Even their sadness is fetishized. In the washroom scene where they meet, the two converse through cartoonish sobs. When Saira catches her boyfriend red-handed, the moment is diffused – through a girl stranded naked in the balcony – on the brink of seriousness. When Saira is heartbroken, the camera first titillates us with a slew of empty food boxes before revealing her kebab-roll-stuffed face. At different points in the film, we see packets of chips and burgers and shakes – even alcohol and weed and, well, slim women who smoke at house parties – through the lens of vacant comedy. When Saira and Rajshri reach that unapologetic screw-society stage in London, they speak to each other in stand-up punchlines rather than actual words. They are also shown eating pizza crusts while watching Fashion TV to drive home the revolution.
The issue with Double XL is that it genuinely seems to believe that it’s the first movie ever to explore the prickly relationship between body weight, self-confidence and societal scrutiny. For instance, Saira’s decision to become an inclusive fashion stylist (“one size for all bodies”) is framed as the sort of brainwave that might put Isaac Newton and his apple to shame. Has nobody met the internet? Evidently not, from the way Rajshri randomly lands an interview with Kapil Dev, whose movie-cameo career has reached a point where nothing less than long-haired-rockstar silhouette shots will do. Needless to mention, montage-like music drowns out this career-making chat, because scripting a neat sports interview would require the sort of research that might have made Saira’s clothes – and fashion line – look more human(e). It would also require the kind of knowledge that allows the film to distinguish between presenter (anchor) and cricket commentator. Rattling off Rohit Sharma’s statistics is as deep as the writing goes to reveal Rajshri’s passion. But phrases like “most popular sports show in India” are par for the course in this film. One language for all words, I suppose.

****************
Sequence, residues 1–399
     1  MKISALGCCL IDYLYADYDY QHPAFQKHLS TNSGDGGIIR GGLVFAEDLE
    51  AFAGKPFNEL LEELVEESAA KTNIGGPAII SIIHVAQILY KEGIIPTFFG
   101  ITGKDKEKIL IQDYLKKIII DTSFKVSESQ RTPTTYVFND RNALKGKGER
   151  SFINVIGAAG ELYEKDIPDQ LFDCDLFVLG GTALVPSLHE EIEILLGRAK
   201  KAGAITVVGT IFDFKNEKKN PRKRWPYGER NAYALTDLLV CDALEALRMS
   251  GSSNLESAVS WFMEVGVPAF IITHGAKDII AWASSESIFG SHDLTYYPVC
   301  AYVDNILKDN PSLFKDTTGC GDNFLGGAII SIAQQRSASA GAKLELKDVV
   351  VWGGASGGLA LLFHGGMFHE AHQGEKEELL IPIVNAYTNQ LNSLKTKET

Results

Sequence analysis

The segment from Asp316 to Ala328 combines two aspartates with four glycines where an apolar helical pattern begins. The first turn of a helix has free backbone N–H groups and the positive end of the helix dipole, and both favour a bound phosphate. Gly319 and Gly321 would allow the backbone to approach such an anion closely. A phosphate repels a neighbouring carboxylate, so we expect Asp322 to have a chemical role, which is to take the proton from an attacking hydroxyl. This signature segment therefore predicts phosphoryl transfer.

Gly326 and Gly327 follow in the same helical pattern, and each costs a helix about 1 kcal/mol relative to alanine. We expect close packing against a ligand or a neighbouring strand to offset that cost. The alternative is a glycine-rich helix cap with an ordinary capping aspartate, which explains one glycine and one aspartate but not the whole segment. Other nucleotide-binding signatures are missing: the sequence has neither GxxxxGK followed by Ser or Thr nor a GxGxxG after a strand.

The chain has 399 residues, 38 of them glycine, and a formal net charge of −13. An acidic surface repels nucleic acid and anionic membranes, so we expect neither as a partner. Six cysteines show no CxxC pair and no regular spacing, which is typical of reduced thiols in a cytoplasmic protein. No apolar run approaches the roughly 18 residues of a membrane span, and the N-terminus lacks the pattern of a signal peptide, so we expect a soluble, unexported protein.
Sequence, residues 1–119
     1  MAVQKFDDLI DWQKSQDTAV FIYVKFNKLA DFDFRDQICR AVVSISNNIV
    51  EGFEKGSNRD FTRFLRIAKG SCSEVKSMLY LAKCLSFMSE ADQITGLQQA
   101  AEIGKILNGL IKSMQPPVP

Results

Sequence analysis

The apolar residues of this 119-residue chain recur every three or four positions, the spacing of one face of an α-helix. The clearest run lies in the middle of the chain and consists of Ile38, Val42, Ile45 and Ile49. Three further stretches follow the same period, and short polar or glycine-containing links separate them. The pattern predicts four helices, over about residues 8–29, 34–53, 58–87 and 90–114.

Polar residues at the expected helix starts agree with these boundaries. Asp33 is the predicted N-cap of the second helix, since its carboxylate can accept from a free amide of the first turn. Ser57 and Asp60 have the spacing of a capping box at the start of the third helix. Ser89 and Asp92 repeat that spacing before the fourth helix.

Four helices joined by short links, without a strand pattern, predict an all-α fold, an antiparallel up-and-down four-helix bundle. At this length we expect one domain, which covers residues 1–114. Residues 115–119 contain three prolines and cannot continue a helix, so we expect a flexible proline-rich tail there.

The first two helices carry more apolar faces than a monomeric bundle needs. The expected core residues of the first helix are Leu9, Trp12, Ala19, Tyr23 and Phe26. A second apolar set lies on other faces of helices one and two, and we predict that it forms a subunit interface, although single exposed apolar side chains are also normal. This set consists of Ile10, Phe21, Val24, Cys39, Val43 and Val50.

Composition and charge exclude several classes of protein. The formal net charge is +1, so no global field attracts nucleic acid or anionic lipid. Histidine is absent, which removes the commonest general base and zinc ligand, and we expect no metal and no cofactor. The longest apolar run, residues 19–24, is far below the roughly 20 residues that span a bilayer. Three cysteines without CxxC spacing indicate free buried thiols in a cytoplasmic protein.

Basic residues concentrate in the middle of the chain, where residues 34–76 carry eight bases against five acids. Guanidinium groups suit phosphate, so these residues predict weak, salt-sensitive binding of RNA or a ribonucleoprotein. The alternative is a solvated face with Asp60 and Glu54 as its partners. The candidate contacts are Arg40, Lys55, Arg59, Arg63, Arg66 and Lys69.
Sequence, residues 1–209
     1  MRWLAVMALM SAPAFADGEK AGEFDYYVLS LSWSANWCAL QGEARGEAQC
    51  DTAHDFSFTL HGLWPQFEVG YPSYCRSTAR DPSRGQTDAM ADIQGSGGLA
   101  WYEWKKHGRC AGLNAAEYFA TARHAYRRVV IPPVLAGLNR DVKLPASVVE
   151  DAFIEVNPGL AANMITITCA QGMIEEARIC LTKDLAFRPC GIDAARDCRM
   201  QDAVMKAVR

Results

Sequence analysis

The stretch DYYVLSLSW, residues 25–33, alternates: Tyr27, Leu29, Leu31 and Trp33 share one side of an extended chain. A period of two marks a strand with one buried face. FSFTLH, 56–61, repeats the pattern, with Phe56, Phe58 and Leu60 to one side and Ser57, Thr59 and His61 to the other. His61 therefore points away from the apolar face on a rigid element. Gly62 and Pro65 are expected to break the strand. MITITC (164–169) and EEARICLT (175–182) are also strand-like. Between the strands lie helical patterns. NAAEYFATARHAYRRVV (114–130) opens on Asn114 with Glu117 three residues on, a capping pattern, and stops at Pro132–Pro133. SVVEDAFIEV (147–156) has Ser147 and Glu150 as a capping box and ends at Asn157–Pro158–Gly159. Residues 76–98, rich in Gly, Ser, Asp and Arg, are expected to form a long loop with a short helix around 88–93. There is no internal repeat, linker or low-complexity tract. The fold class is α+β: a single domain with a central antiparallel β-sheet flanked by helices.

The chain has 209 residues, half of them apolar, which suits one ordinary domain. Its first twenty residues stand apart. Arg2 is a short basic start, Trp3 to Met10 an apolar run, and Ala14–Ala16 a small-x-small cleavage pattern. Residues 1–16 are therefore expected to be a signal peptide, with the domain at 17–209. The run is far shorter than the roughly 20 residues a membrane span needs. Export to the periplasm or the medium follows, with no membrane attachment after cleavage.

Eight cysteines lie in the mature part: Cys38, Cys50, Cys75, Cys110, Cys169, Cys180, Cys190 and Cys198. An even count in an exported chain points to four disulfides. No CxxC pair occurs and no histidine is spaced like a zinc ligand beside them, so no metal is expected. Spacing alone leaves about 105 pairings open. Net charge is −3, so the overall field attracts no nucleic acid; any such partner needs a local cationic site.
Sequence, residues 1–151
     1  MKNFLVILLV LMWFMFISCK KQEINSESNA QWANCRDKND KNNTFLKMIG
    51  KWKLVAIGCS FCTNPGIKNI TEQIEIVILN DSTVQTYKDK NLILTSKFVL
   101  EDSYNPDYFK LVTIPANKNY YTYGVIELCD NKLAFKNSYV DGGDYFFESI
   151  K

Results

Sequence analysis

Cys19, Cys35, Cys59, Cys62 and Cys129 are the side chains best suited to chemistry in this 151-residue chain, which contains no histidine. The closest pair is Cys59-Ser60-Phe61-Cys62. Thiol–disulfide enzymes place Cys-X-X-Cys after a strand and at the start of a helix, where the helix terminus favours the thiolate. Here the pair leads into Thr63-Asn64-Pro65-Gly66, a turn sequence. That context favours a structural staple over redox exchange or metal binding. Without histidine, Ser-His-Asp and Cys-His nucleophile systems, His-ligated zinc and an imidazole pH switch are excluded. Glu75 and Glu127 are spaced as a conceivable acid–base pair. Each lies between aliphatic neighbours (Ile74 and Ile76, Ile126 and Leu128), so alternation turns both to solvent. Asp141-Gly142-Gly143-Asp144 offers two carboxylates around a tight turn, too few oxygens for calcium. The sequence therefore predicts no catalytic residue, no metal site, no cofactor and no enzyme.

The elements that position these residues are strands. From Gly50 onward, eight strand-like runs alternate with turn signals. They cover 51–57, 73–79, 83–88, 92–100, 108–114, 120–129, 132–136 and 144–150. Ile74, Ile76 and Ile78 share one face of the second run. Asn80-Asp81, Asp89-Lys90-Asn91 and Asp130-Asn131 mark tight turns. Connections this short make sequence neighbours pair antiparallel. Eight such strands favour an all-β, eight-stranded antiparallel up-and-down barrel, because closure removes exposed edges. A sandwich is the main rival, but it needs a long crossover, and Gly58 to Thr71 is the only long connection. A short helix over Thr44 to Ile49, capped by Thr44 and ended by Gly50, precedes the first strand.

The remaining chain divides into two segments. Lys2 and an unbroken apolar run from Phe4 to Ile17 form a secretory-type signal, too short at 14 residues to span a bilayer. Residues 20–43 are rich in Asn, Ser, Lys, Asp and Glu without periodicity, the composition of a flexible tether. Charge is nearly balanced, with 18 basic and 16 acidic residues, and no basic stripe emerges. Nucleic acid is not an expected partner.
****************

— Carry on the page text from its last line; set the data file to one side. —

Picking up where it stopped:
Fortunately, or not, this ignorance extends to the world at large. A British server at a fast food outlet speaks as if he’s putting on a fake British accent. The team is on a limited budget in London (from whatever network greenlights “fashion label videos”), but live in a pretty boutique hotel by a lake so that they can stare at said lake during introspective moments. When they visit Zoravar’s ‘humble’ home for a dinner where Srikanth breaks into a Tamil song to offset the Urdu vibe, they arrive by speedboat no less. The romantic tracks are some of the most forced in recent history, defined solely by men giving women the push to succeed in life.
Which brings me to those men, whose brief seems to be: Imagine if a Rajpal Yadav character were not a Rajpal Yadav character. There’s Zoravar, the A-grade creep who makes rape jokes in a hospital but is supposed to be Saira’s knight in cross-cultural armour. He delivers a “not all guys'' monologue to her seconds after jokingly threatening to exploit her. He wins over Saira by placing life-size cutouts of her all over his quaint cottage – a red flag not as blatant as his annoying catchphrase (“Zo Zee Zaa”), which suggests that the film thinks he’s a charming fellow. Srikanth, for his part, delivers an endless emo monologue about how his father never lived to see him become a cinematographer, but the dubbing of his dialogue throughout the film suggests that he might have been better off as a sound designer. The way London is shot, too, reminded me of the glorified Swedish tourism advert that was Jia Aur Jia (2017), another tacky female-buddy dramedy starring two capable actresses. I had opened that review with: I have so much to say. Which is more or less the spiritual prelude to: Where do I even begin?